A second later, my world went black.
Mechanical cold and precision droning were distant echoes and memories in the days, weeks, and months that followed. Voices, the feeling of needles in my skin, the occasional nurse giving me a sponge bath and changing my linens. I couldn’t feel anything, couldn’t speak. Life was an endless expanse of white light, disembodied voices and a prognosis that wouldn’t register.
“Mr. Black. We’ve discovered a…”
A what? Discovered a what?
“…can be treated…”
Treat what? What are you talking about?
“…only we had caught it earlier…”
Caught what? Why can’t I speak? Why can’t I ask questions?! Would you tell me what is wrong with me?!
“…survivability rate is extremely…”
What?! What are you talking about? Why can’t you hear me?! Would you fucking answer me?!
I mustered the resolve and inner strength to reach for the documents the specialist had left on my food tray. The paper was a jumble of medical speak and lingo that I couldn’t understand, but words like “metastasis” began to make the picture clearer. With the final prognosis: cancer, the world suddenly came into a sharp focus.
Could life really be so cruel? Without the capacity to form words, the only thing I had left for release was laughter. I laughed, so hard it hurt. I laughed until a nurse came in and told me I had to stop. I laughed until stitches ruptured in my side. My abdomen hurt from both the stitches and the aggravation of the demon eating my guts. I laughed until they sedated me, the world suddenly going hazy and serene.
I could hear the doctors talking about psychosis, about psychological block, about brain dysfunction associated with trauma. Post-traumatic stress syndrome.
Really? Was my brain broken too? What are you going to tell me next?
I fought against my own body to stay silent. I combated the endless lack of speech and communication. Eventually, I gave up. I gave in. I stopped trying. Then, it started to come back naturally, as though waiting for me to stop struggling. Speech returned, slowly, but almost as though it had never left.
There was a letter left for me. What is this?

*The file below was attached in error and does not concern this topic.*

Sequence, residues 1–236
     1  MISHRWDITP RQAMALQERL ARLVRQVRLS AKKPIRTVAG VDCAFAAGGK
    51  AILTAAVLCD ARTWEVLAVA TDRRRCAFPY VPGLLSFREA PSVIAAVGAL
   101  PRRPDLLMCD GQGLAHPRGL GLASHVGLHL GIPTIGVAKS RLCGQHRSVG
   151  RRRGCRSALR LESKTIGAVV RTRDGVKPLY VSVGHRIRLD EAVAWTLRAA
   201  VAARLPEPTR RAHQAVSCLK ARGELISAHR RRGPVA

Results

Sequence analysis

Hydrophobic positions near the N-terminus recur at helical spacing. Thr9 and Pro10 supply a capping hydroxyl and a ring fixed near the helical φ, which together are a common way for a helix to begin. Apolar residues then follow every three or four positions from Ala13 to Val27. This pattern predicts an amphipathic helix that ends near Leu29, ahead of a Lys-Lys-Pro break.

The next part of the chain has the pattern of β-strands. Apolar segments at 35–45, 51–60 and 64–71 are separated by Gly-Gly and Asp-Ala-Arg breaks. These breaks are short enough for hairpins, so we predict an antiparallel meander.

We’ve learned of your talents and would like to discuss some matters of high importance. While this medium is not appropriate to go into the details, we would like to see you in Philadelphia if you are willing to come. This is a one-time offer, and we will meet you at the airport if you do choose to come. You will not need anything, and we can assure that your estate will be taken care of in your absence. We have three simple stipulations for you to understand.
- You will not be harmed, we give you our word as a company.
- Should you be unable to complete our contracts, you will be compensated and afforded all fees necessary to ensure your return to Colorado Springs.
- You must agree to not discuss the nature of our inquiry or any subsequent activity with anyone.
We look forward to your arrival, Mr. Black.
I couldn’t read the name at the bottom. It was a scrawl of flowerly lettering typical of a corporate CEO stamp. There was no typed ink to indicate who it might have been.
Removing a plane ticket from the envelope, I glanced at my watch. The only thing the medical staff had no removed from me on my arrival, surprisingly. The next day. I was supposed to be in Philly the next day. Thankfully I had not slept through my opportunity. Having been in traction for months, my bones finally having knitted themselves back into some semblance of a skeleton, with my job on hold for countless weeks or months, with my brother gone and only fate knew how much was left in the accounts he’d agreed to inherit to me, the bonus money or the opportunity for a fresh start was re-invigorating. I could make a life back in Philly. My body, broken as it was, still was able to function enough to get out of this god-forsaken medical cell. I could go back to New England. Get laid, get drunk, play pranks, fuck with local law enforcement. Well, maybe not the last one, but enough to get my mind off this death sentence living in my body. I could forget about everything here for a while. Far as I knew, the stated had probably issued me a death certificate, just waiting to sign and dry the ink.
Mustering a newfound strength I’d seemingly not felt in years, I rose from my hospital bed. Tearing away the pasties across my body, I grunted under the feeling of stretched skin. Reaching for my IV, I noticed a nurse hustling into my room.
“Sir, you can’t do that.” She said, surprised that I was out of bed.
I nearly tore the IV out of my hand, grunting under the pain. Grabbing a cotton ball from a small glass jar on the table next to my bed, I covered the wound and wrapped surgical tap around it as the nurse looked on in horror.
“I’m done lying down nurse. I’m leaving.”
“Sir, I can’t let you leave until the doctor authorizes your release.” She said as the doctor walked in.
“Mr. Black, your health is in jeopardy the minute you walk out the door. We can treat you here and attend to your medical needs. It’s a very bad idea for you to leave.” He added to the nurses argument.
“You’ve done little more than condemn me to die here, doctor. I’m through waiting for death. Let it find me where it will.” I said.
With that, I pushed past the two staff members standing in my room in disbelief, the medical droning of a flat line emitting from the heart monitor by my bedside.